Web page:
“Inception,” on the other hand, is implanting an idea, or its seed, into the deep subconscious of a subject such that he or she develops the idea on his/her own, believing it was always his own idea, not an external suggestion. The “Inception” planned in Inception is necessarily a simple one. Implementing the implant is not at all simple. The scenarios contrived to implant the mark in Inception require sensitivity and some psychology. And, apparently, some action scenes.

Naturally the team that plans the Inception is imperfect. They are:

Leonardo diCaprio as Cobb, in exile from his U.S. home, wanting only to get back there to be with his children. He has an unfortunate habit of creating an image of his very angry wife in whatever dreamscape he enters. She has a habit of destroying his well-laid plans.

Marion Cotillard as Cobb’s very angry wife, Mal. This is pronounced as “Molly” without the “ly,” but spelled as “bad,” which I think is excessive. Ms. Cotillard is never excessive, however. She is sleek and magnifique.

Joseph Gordon-Levitt as Arthur, rather uptight, the stable partner, the friend. He has a somewhat antagonistic relationship with another member of the team, Eames, which allows for a bit of brash banter.

Tom Hardy as the Forger, Eames. In dreamscape, this means not that he draws other people’s pictures, but rather that he becomes, impersonates real people in the subject’s life, but of course giving said people the dialogue and behavior required for the scenario to work.

Ellen Page as Ariadne, the student Architect of the dreamscapes. She replaces the first Architect we meet, the woefully underused (not just in this film, but in all of Hollywood) Lucas Haas. In trailers, Page appears too young for this film, but considering her function, her youth is not an issue. Still, it’s not the work we like to see her do.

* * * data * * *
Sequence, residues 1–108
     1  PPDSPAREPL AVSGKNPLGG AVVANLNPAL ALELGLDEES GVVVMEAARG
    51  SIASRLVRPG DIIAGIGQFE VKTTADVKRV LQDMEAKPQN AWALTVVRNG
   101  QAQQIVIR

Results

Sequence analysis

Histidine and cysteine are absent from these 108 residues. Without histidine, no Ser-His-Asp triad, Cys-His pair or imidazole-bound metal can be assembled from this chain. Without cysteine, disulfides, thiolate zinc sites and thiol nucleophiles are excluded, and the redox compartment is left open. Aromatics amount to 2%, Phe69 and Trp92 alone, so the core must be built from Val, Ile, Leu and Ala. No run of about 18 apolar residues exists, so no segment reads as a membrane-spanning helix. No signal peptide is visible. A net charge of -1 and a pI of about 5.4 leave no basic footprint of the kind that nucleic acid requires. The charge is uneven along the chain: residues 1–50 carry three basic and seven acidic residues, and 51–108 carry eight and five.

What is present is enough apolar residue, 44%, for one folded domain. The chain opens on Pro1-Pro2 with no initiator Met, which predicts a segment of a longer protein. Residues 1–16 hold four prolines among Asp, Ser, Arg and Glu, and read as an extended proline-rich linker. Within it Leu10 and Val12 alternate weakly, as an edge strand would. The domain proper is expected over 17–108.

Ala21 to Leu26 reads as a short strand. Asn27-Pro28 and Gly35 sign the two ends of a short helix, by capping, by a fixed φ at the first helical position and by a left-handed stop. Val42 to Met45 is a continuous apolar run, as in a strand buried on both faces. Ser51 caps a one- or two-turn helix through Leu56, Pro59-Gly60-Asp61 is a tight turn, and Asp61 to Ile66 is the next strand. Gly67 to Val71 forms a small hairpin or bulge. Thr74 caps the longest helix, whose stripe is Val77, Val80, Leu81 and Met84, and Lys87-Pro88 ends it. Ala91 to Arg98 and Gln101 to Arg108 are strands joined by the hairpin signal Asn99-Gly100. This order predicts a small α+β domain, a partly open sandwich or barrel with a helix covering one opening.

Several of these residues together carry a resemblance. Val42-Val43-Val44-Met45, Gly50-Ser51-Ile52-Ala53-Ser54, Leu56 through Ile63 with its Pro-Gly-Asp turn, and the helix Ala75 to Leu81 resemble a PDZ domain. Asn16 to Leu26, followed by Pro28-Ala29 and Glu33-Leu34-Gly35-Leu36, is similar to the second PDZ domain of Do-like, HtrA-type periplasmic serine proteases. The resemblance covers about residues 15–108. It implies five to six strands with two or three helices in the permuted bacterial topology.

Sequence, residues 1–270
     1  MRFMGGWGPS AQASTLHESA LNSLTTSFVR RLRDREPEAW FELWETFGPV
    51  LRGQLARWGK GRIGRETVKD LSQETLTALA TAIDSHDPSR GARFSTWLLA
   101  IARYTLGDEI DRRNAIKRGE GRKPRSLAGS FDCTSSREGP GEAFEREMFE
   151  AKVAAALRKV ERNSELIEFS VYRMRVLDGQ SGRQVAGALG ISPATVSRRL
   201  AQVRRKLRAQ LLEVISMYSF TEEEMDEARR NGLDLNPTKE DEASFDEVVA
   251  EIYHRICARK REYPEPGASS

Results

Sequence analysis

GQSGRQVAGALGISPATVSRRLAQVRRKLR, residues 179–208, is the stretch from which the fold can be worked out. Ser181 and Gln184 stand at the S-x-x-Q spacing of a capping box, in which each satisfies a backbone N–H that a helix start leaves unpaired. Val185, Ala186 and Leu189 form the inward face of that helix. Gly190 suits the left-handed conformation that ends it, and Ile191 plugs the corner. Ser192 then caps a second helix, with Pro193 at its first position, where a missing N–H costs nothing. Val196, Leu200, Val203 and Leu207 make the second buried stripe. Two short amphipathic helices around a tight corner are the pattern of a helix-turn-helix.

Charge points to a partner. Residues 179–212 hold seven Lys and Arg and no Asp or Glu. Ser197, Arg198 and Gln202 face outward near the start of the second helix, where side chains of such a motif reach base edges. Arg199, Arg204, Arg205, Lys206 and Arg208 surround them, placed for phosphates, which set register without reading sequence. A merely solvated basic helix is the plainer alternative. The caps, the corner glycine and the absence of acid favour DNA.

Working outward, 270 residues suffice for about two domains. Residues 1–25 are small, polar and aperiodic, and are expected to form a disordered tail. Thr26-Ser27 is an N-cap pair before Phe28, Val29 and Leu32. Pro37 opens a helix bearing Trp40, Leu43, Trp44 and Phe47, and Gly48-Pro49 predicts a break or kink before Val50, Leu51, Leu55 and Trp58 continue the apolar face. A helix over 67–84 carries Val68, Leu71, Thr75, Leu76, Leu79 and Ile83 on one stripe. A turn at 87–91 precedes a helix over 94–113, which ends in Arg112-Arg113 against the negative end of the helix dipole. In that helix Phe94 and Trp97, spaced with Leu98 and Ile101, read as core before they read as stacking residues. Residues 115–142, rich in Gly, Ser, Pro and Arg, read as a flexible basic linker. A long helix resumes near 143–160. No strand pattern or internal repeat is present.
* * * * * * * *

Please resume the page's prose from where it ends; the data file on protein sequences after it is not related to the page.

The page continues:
Ken Watanabe is the Client, Mr. Saito. He is extremely rich and powerful, but all is not well in his world. He begins the film as the subject of another job, but outsmarts the team he wants to put to work toward his own ends. My favorite line of the film is his: “I bought the airline. I thought it was simpler.” Well, yes, it was.

Dileep Rao is the Chemist. There are a lot of drugs in this film, just not the ones you expect. All sorts of people stick things in their arms and fall into false sleeps. It’s creepy.

Not technically part of the team but an inspiration for some of its members, Michael Caine is the teacher as well as the father-in-law of Cobb, and therefore the grandfather of the two small children we see from the back and the side out of the corner of Cobb’s eye.